A Remembrance of my 1995 Mercedes-Benz

I put on my mink jacket and sunglasses and began to drive to a local parking lot. The air, despite it being April, felt brisk that day, almost like the weather understood what I was about to do. As I rode silently, I approached my three friends, all also dressed in floor-length mink fur and solemn concerning the goodbyes we were about to say. We were not about to say goodbye to one another, but to my 1995 Mercedes-Benz, Penny. As Katie, one of my dear friends, began to eulogize, "When I think of Penny one thing comes to mind: family. Not just family to me or you, but to anyone who sat on her scratched leather seats". As she began to tell a story about her trip to an Amish market with Penny to pick up homemade horseradish for her mother, we all began to fill with tears.
Like a flame, they say that the most passionate romances are the quickest to burn out. While I do not know who ‘they' are, I have found this to be true. Penny and I were set up on a blind-date on my 16th birthday. I remember walking outside of my house and seeing her, in all her elegant, broken beauty standing in my driveway. Unlike most highschool relationships, I thought we would be different. Instead, she was brutally murdered by a Honda Pilot who took a left turn without looking. Despite her age and inability to likely pass an inspection test, Penny's airbags shockingly went off and protected me and my friend from injury. However, her selfless act of protection did not prevent her from injury. As I was pulled out of her old doors by a construction worker, I saw the feeble, destructed exterior of Penny. I knew at that moment she was gone.
It may seem crazy to mourn an inanimate object, but there was just something about Penny. She had this ability to make other cars jealous and always knew how to make an entrance whether that be hydroplaning on the way to school and hitting a sign or scratching other cars because of her bulky exterior in my gym parking lot. She was classy, requiring premium oil and doing her part in contributing to our climate crisis, while also having a little bit of spunk to her. My favorite part of Penny was her cassette aux cord that never seemed to work, but led to a great conversation opener for guests.
Penny was more than just a car to a lot of people, but the reason I write about her isn't because of her exterior quirks. As Katie artfully said in her eulogy, "Penny never judged. She never hated. She accepted every person for who they were and that's what made her so special". Maybe it was the black driving gloves Katie wore or the way she so intensely articulated Penny's absence, but her positive presence reinforced the fact she was not just a car, but a soulmate and a friend to many.
From spilling homemade Chili in the back of her seats to getting rear-ended on the Walt Whitman bridge in stand-still traffic, Penny was a force to be reckoned with. She taught those around us what resilience was and was a free spirit despite her age. In an age of new, technologically gifted automobiles, Penny's glamor was soft-spoken and barebones.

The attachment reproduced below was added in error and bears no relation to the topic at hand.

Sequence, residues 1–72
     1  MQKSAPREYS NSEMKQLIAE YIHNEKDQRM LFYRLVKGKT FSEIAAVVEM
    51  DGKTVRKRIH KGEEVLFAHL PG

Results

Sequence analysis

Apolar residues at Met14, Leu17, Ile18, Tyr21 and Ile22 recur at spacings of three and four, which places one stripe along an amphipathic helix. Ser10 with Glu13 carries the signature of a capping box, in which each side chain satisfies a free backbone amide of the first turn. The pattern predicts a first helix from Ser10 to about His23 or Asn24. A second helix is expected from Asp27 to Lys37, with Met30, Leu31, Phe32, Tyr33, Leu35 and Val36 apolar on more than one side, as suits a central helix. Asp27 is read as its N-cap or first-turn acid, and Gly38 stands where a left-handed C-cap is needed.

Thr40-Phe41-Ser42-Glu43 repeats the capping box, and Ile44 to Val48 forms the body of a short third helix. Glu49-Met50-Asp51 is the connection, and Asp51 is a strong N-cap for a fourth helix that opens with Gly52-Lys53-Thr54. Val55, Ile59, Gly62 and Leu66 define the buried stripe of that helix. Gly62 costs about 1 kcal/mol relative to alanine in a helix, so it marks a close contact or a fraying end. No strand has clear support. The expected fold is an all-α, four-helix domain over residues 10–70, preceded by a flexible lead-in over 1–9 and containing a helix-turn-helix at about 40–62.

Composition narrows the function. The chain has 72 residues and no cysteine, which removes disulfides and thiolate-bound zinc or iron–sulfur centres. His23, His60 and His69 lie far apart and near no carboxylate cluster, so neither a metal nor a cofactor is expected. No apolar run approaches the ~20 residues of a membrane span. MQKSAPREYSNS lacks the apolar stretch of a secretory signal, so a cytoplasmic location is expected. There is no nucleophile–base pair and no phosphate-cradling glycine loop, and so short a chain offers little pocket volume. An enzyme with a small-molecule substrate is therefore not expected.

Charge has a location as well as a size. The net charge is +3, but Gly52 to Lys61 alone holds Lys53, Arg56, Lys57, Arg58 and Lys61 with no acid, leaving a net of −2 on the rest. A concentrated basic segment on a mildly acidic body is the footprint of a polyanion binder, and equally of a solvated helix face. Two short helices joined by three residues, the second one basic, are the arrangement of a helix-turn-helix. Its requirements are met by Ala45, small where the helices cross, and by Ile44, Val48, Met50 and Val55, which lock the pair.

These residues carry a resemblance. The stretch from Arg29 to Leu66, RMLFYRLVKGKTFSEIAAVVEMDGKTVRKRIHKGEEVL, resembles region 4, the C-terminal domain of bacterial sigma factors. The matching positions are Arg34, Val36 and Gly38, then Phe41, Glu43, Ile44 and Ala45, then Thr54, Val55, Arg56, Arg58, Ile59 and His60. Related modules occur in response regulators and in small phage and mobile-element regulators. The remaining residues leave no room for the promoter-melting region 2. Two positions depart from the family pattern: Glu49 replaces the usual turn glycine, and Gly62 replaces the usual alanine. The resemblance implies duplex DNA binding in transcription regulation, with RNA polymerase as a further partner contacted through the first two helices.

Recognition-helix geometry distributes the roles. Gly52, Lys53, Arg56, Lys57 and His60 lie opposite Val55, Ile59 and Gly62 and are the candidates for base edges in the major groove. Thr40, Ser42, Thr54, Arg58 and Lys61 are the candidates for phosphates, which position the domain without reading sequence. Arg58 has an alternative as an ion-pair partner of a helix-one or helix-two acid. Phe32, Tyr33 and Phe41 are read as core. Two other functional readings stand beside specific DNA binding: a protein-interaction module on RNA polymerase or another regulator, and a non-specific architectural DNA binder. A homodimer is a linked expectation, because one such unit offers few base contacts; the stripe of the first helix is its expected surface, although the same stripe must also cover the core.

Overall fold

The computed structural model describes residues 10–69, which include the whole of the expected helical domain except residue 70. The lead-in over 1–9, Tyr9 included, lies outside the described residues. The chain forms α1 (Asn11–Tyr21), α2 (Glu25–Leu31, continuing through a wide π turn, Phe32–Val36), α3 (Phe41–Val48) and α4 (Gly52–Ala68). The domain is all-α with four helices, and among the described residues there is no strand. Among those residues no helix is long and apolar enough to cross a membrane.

Yet, still, why am I telling you about such a car? I think there are random things, for every person, that make their highschool experience their highschool experience. For me and my friends, Penny was not just a transportation vessel, but a vessel of late-night rendezvous, excessive laughter, and a lot of silly moments. For us, saying goodbye and mourning Penny was not simply mourning a car we loved, but an integral aspect of our highschool experience. The fabric of her seats and buzzing sounds intertwined with the very moments of highschool that were so ordinarily fun.
When we choose to reflect back on our relationship with material objects like that of Penny, it is easy to sanitize or bathe in our emotional attachments to them. I think of the calmness my childhood blanket brings to me or the joy I felt riding in Penny on a warm summer day. We allow ourselves to give objects emotional weight, but I do not believe that means they have agency over us in any regard. It may seem weird to love or speak so highly of such an object like Penny, but I believe this speaks highly to the complexity of the human experience. By associating these objects with memories, it gives us a form of power - the ability to reclaim a moment and associate it with something real, to allow ourselves to remember life at our highest of highs and lowest of lows. When trying to rationalize my grief regarding Penny, I thought back to an episode of Gilmore Girls where Dean breaks up with Rory, the main character. As her mother, Loreali, attempts to comfort her, Rory is rummaging through her room, attempting to rid the room of Dean. She cries stating, "No, take it out of the house. Throw it in a dumpster, burn it, I don't care. Just - I want it gone". The objects, frivolous items Dean complimented or gifted her, held such weight she would rather throw it away than deal with the emotional repercussions of her breakup. Our ability to attach ourselves to an object can allow us to perceive an entire moment differently. There is something remarkable about being able to associate such powerful emotions with inanimate objects. While associating our favorite sweater with a fight may make us hate our favorite sweater, I think it speaks to the testament of our human experience.